Archived Story

Retired teacher loves politics

Published 11:46am Saturday, August 31, 2013

BY MERLE MONAHAN
CONTRIBUTING WRITER
merlemonah@aol.com

Carita “Rita” Richardson -- MERLE MONAHAN | TIDEWATER NEWS
Carita “Rita” Richardson — MERLE MONAHAN | TIDEWATER NEWS

WINDSOR—Windsor mayor Carita “Rita” Richardson was not particularly interested in politics until about two years after she retired from teaching in 2003, she said.

“It all happened when my husband decided to attend a town council meeting because the council was going to discuss an issue he was interested in—I can’t even remember what it was,” Richardson said.

“But anyway, I decided to accompany him and immediately became interested in the town’s government.

“Actually, this was a night when they were discussing the budget, and as a former math teacher it was quite interesting to me.”

Richardson said she then began attending council meetings, and she learned about things she had not even thought about before. She decided she might be able to contribute some positive ideas as a council member and ran in the 2006 election.

The retired Windsor High School Spanish and math teacher was elected to council for four years, after which she ran for and was elected mayor, the first female mayor in the history of the town.

Richardson is excited about new things on the horizon for Windsor, she revealed.

“I feel like Windsor is the next frontier for development in the Tidewater area,” she went on. “We have a lot of land in the area and with the intermodal park, which is partly within the town boundaries and the new Route 460 coming through, there will certainly be more traffic, thus more growth.

“I don’t know when it will happen, it could be five years, or it could be 15, but Windsor needs to be prepared.”

She said the town is in the process of planning for growth.

“We want to plan for the way we want things to be in the future and have already begun formulating new land development ordinances. “We’ve already accomplished a lot through the efforts of council, our staff and our planning commission,” she added.

These efforts have not gone unnoticed. Richardson recently received a citation from the Citizens Planning Education Association of Virginia as a Champion of Sound Planning in the Town of Windsor. Because of this she also was commended by the Virginia House of Delegates’ resolution H100 for leadership and winning the CPEAV award.

“This award actually goes to our council, staff and the Windsor Planning Commission,” she said. “They did the work.”

Richardson praises her council for its dedication and ability.

“We have so many talented and versatile people on council,” she said. “And they are always willing to take on any project that affects the town.”

One project that Richardson has pursued herself is the preservation of the old middle school gym.

“There was some talk about tearing it down,” she said, “but the county has agreed to let it stay, which is wonderful.

“We need a place such as that here,” Richardson said. “It will be perfect for activities for our seniors and our youth.”

The mayor is in the process of writing grants and has appealed to the County Board of Supervisors for funds to renovate the building.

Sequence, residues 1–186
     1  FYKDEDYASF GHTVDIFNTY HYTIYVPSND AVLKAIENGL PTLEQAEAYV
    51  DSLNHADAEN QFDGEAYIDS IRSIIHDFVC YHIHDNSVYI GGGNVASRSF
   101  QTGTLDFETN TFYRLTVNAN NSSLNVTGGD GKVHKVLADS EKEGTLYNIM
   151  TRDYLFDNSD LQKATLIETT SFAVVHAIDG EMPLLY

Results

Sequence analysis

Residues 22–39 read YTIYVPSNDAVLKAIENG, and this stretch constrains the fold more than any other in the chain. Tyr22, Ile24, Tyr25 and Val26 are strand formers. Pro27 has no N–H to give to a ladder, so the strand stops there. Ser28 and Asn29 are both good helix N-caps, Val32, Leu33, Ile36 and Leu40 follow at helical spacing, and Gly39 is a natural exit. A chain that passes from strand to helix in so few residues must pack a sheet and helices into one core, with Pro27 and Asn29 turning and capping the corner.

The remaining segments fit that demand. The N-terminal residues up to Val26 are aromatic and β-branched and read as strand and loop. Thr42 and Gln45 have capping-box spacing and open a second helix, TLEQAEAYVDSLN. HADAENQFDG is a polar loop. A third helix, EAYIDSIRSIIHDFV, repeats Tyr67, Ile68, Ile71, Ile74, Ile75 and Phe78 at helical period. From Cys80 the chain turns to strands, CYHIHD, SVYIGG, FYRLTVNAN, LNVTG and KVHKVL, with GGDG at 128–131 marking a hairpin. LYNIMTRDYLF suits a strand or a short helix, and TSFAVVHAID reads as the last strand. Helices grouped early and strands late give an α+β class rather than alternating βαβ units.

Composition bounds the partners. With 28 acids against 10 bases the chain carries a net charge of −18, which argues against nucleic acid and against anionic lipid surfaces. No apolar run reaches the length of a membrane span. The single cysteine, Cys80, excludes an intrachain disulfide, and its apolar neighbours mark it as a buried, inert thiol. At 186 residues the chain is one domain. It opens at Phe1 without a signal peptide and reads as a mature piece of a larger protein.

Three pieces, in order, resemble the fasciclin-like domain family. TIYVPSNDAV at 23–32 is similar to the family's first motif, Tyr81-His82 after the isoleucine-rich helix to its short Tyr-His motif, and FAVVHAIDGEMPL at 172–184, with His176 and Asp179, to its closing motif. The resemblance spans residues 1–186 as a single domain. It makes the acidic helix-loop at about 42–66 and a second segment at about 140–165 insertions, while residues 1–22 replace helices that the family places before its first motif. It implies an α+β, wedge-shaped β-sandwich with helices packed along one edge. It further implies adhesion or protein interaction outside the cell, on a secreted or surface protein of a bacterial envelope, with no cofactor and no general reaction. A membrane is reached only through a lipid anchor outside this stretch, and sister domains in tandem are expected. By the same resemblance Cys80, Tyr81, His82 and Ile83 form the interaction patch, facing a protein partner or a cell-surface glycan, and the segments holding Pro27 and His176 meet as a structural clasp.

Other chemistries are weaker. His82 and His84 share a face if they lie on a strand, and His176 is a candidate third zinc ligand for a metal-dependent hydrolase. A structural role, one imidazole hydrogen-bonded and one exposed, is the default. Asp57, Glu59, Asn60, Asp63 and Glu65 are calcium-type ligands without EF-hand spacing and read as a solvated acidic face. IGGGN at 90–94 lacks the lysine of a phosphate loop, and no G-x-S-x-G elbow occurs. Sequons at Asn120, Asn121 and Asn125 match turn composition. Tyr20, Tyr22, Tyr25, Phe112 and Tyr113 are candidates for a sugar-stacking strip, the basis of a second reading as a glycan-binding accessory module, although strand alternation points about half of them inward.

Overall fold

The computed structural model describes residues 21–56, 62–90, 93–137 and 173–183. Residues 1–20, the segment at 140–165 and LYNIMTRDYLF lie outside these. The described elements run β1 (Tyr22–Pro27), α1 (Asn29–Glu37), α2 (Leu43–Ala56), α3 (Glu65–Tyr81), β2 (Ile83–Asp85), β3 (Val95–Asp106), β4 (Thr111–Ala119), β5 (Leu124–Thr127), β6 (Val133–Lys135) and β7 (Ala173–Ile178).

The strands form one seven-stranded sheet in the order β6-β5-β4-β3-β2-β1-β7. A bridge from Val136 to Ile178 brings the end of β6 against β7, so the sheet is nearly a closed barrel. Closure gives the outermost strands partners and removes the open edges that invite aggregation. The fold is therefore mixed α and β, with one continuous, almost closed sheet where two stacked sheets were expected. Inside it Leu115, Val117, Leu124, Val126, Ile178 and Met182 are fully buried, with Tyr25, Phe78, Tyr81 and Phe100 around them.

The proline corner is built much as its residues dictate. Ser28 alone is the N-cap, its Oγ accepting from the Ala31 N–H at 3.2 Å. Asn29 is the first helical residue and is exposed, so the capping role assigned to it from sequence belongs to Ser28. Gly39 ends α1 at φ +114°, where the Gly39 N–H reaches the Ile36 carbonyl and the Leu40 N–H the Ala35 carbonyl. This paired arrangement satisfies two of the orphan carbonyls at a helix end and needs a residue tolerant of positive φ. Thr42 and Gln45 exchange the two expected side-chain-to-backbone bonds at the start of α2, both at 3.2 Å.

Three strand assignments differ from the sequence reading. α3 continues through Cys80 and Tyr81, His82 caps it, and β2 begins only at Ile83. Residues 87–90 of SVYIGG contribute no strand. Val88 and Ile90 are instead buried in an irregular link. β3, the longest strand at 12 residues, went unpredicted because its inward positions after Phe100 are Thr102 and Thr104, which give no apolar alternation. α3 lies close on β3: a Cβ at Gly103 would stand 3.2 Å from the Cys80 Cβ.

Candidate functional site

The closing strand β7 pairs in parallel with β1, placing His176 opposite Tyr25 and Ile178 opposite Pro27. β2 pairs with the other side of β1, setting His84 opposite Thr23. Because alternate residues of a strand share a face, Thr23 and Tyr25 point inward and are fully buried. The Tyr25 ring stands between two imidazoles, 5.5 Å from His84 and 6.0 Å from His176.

“The county has agreed to provide $100,000 over the next four years,” she said. “I am so pleased.”

The mayor says she never expected to end up as the top officer of Windsor, but absolutely loves the job.

“I’ve loved living in Windsor ever since I came here in 1970,” she said. “My husband, Bentley, was the Windsor High agricultural teacher for 10 years, while I taught Spanish and math for 30. It has a wonderful place to raise our son, who is now an engineer living in Chesterfield.”

Richardson grew up in Volney, a small farming community in Southwestern Virginia. She attended Radford College at the same time her husband, whom she met during this time, who was attending Virginia Tech.

“In college, I wanted to major in Spanish,” she said, “but one of my professors reminded me that there probably would not be too many jobs out there for Spanish teachers, so I added math to my studies.

Richardson smiled, saying, “I guess you could say that’s why I’m mayor of Windsor. It was my math background that sparked my interest in town government.”

NAME: Carita “Rita” Richardson.

WHAT BROUGHT YOU TO THIS AREA: Employment as a teacher at Windsor High School.

OCCUPATION: Mayor of Windsor, retired teacher.

MARITAL STATUS: Married to Bentley Richardson for 43 years.

CHILDREN, SCHOOLS AND AGES: One son, L.B. “Ley” Richardson III, wife Christy, and one grandson, Reese, 4. Our son lives and works in Chesterfield.

FAVORITE NIGHT OUT ON THE TOWN: My husband and I love to try new restaurants with friends.

FAVORITE RESTAURANT: I love Country Boy’s Restaurant here with their barbeque and homemade sides.

FAVORITE MEAL AND BEVERAGE: Seafood and a good cup of hot, black coffee.

WHAT DO MOST PEOPLE NOT KNOW ABOUT YOU: Actually, I am quite shy and quiet.

WHAT IS THE BEST THING ABOUT YOURSELF: I am a Christian and person of integrity.

WHAT IS YOUR WORST HABIT: I am a perfectionist.

PETS: None.

FAVORITE HOBBIES: I live to read, cook and collect antiques.

PET PEEVE: I dislike people who are not true to their word—who say they are going to do one thing, but do another.

FIRST JOB: Teaching school.

HOW WOULD YOU LIKE TO BE REMEMBERED: As a person who believes service to others is one of the best things in life. It is more rewarding to give than to receive.

IF YOU HAD 10 MINUTES ON NATIONAL TELEVISION, WHAT WOULD YOUR TOPIC BE AND WHAT WOULD YOU SAY: My topic would be the importance of the family unit in today’s society. Families must nurture their children and raise them with good moral values. Impress on your children to always do their best and to get a good education. This, together with a good attitude, will always open doors for them wherever they want to go.

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